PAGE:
Most of us were raised on fairy tales such as “The Three Little Pigs,” which instills us with the inclination to live in a home that no one can simply huff, puff, and blow down. But childhood fables aside (and ignoring the obvious danger of having a wolf in your front yard), the classic red-brick house still occupies a place in our imagination, presenting a warm, traditional aesthetic along with a sense of solid structural integrity.
However, in the last three decades or so, most “brick houses” built in the last 30 years or so are actually constructed using a brick veneer, rather than solid brick masonry. Why is this? What’s the difference? And is one better than the other?
First off, you should understand that the biggest difference between solid brick and veneer construction is that in the case of solid brick, the exterior walls are holding up the house. Conversely, with a veneer construction, the house is holding up the veneer. So not much can be said about solid masonry outside of the obvious—it is extremely strong, and if properly maintained, is good for hundreds of years of faithful service.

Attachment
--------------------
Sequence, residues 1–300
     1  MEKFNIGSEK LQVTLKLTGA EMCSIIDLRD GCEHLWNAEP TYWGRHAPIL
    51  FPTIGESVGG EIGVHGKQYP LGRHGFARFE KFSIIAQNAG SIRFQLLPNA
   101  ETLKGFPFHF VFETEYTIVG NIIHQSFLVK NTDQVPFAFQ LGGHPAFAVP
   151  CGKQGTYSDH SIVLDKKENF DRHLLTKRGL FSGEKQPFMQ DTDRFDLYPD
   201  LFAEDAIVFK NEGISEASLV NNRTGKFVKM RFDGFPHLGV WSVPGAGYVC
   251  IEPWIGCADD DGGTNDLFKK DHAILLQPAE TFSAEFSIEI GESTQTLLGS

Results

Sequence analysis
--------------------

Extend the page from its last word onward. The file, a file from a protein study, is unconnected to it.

On the downside, solid masonry does not necessarily make for the best insulation. It is not particularly moisture resistant; with a good wind-driven rain or an extended period of high humidity, moisture will tend to pass right through a brick wall. This is due to its relative porousness.
Brick veneer became the standard back in the 1980’s, as building codes started requiring that exterior be insulated. One of the best insulators is air, and indeed most good insulation does nothing more than trap air—which is why most insulations are light and fluffy. Obviously, brick is not light and fluffy, and therefore not a great insulator. A brick veneer house then, is really a wood frame house where the cavity between the studs in the wall can be insulated. The thin layer of brick simply hangs on the outside.
Understand, though, that were not talking about paper-thin slices of red brick material that you glues to a kitchen wall or use as a backsplash. Brick veneer is real brick. It just happens be a bit thinner—the width of a single layer of brick, as opposed to the two or three layers standard in what we refer to as solid masonry construction.
So in the end, is one better than the other? Solid masonry is clearly stronger, but brick veneer provides for better year-round insulation and is plenty strong enough to resist the ill intentions of the occasional big, bad wolf.
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